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Comment Re:Physics (Score 1) 542

digital quantum batteries. This involves storing energy in arrays of nanocapacitors, whose small size enables quantum effects to require huge voltages for dielectric breakdown.

These batteries deliver 1.5, 3, 5, 6, 12,48, 110 and 220V. All at the same time.


Submission + - Google to buy 6,000 Nortel patents fo 0.9B (

fractalspace writes: Nokia couldn't get them. Erricsson managed to buy the business units who created those patents, without the patents. RIM's co-ceo Jim Balsillie went public accusing Nortel of being unpatriotic when their offer was rejected.
These 6000 or so patents, related to Wireless CDMA and LTE technologies, were well preserved and hidden from the prying eyes for more than 2 years during the bankruptcy proceedings of Nortel. And now finally, out of nowhere, along comes Google! I hope they get it.


Kuwait Not Banning DSLR Cameras After All 63

Voulnet writes "The Kuwait Times, the newspaper that started the false rumor of Kuwait banning DSLR cameras, has posted an update saying that after investigation, it turned out they didn't verify their information. They have now issued a retraction. Quoting: 'The newspaper regrets failing to verify the information. The article wrongly stated that a ban on DSLR cameras was implemented by the Ministries of Information, Social Affairs and Finance. This information is false. In a follow up investigation, it was proved that no such ban has been issued. We regret this error and deeply apologize for any inconvenience caused.'"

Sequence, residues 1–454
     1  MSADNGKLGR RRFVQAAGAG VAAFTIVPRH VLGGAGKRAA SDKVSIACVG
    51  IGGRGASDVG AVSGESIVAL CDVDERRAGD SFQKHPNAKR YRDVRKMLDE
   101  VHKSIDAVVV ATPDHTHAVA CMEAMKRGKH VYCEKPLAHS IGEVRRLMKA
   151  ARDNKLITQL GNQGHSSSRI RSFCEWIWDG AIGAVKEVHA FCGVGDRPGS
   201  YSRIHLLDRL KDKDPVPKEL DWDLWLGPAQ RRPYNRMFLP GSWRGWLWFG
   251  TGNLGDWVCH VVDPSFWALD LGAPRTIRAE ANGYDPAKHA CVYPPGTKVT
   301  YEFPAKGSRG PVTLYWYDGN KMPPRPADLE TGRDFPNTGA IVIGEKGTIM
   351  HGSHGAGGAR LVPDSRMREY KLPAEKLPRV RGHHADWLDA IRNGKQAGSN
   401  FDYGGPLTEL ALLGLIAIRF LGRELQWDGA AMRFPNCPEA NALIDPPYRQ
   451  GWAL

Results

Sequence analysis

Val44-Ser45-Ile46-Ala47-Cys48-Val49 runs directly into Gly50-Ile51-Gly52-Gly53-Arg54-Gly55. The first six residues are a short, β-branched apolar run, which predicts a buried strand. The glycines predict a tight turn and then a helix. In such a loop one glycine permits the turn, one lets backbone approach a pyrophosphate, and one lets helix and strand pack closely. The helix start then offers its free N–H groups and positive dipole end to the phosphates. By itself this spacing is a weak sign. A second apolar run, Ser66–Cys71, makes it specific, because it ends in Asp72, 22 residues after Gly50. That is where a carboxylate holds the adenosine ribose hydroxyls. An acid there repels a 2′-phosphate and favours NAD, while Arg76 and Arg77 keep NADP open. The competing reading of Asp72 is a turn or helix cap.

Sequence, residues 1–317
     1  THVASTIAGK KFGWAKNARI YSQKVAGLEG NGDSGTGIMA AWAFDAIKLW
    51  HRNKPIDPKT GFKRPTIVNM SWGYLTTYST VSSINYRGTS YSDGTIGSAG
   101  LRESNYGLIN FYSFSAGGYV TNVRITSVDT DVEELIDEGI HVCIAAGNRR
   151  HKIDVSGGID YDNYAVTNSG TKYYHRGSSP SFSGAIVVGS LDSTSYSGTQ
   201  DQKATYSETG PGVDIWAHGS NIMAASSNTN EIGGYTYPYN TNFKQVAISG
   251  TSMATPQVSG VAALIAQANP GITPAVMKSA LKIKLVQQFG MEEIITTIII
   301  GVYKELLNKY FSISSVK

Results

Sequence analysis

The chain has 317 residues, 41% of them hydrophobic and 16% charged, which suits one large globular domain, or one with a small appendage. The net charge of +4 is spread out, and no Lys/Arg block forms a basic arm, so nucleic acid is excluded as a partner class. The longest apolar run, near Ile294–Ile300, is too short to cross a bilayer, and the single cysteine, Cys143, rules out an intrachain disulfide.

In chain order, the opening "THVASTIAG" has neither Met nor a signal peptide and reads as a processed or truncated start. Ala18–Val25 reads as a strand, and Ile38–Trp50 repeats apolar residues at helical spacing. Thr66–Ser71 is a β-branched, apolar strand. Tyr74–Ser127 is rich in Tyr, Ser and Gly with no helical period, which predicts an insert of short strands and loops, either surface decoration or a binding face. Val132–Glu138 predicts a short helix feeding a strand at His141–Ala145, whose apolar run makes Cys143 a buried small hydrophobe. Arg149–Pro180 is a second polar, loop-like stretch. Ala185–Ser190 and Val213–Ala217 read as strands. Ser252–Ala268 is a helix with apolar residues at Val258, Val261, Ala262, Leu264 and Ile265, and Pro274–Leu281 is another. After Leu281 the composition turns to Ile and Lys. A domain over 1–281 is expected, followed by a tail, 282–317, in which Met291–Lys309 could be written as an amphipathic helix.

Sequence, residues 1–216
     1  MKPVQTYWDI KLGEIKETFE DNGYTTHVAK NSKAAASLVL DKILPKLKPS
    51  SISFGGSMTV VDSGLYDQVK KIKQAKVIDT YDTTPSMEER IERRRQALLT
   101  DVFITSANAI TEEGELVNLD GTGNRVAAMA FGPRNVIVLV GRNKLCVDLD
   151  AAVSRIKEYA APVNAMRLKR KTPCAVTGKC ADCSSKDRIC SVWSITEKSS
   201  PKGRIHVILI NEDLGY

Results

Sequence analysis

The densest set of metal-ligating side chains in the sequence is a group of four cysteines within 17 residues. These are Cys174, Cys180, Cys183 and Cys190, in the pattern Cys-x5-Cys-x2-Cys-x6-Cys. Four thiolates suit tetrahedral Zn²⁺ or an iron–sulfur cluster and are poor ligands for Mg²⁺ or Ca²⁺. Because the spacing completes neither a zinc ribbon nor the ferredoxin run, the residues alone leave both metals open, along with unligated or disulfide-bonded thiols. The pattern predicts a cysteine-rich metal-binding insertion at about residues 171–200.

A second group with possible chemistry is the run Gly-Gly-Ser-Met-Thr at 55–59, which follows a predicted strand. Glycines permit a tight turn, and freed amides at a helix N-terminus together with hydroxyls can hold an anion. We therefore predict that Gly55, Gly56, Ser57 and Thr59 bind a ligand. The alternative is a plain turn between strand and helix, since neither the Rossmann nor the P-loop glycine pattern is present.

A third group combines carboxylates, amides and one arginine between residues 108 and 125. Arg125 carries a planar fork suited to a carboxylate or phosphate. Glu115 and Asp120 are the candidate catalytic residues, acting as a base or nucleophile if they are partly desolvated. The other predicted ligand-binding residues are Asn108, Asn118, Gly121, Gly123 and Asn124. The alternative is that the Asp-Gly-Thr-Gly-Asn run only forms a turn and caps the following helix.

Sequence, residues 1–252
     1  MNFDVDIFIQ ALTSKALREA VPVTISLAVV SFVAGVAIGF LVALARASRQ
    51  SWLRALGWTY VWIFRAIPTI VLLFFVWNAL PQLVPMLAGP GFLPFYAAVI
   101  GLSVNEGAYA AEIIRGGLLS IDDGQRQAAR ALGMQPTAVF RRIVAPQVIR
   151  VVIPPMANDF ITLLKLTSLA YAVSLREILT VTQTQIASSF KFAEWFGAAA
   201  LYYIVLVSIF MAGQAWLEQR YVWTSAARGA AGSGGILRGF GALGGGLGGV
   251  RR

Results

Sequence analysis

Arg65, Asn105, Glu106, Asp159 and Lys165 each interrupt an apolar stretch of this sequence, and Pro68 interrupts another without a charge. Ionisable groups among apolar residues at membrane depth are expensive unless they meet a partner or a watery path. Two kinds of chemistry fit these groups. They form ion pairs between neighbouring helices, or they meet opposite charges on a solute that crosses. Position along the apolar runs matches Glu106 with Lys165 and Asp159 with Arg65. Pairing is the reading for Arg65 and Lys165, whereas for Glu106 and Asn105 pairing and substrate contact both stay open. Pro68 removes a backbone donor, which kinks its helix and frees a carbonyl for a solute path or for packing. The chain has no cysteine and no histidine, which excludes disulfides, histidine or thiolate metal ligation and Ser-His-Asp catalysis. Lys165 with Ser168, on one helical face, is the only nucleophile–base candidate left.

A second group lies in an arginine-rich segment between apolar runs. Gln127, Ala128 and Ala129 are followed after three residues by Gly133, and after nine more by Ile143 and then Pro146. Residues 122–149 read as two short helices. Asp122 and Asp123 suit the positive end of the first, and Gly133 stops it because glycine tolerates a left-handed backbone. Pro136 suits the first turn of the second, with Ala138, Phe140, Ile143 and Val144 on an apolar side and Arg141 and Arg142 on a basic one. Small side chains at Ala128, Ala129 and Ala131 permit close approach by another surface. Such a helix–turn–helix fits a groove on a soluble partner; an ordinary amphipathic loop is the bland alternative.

Comment Re:C too complex? Hilarious. (Score 1) 878

That whole too complex thing... what, was he hired by Google as a janitor? Or a janitor's helper? Seriously, too complex? For whom? Is he trying to teach a German Shepherd to program? Twit. If you came to my company for a job, and you told me C was "too complex" or "too hard", I'd just show you the door.

I think this guy is onto something. Some sort of unique vision on computing that is totally unheard of. Different than anything we are used to. Something so unconventional that it is controversial and is unthinkable without *really* getting out of the box (and leaving the planet where the box lives). I think this vision is about a revolution in the way which we do computing. A step closer to a day when machines will actually work for humans (not the other way around as Today). Anyone would be able tell a machine, in 'human forms and ways', to do stuff for them, without learning the 'machine rules'.
Too bad you wont hire him, but something is telling me he is not interested in the kind of work you are offering (not to mention salary). There isn't any particular known shortage of good 'regular' coders. Google must have something different for him.

Comment Plausible Deniability (Score 2, Informative) 486

RTFM for TrueCrypt:

It may happen that you are forced by somebody to reveal the password to an encrypted volume. There are many situations where you cannot refuse to reveal the password (for example, due to extortion). Using a so-called hidden volume allows you to solve such situations without revealing the password to your volume.

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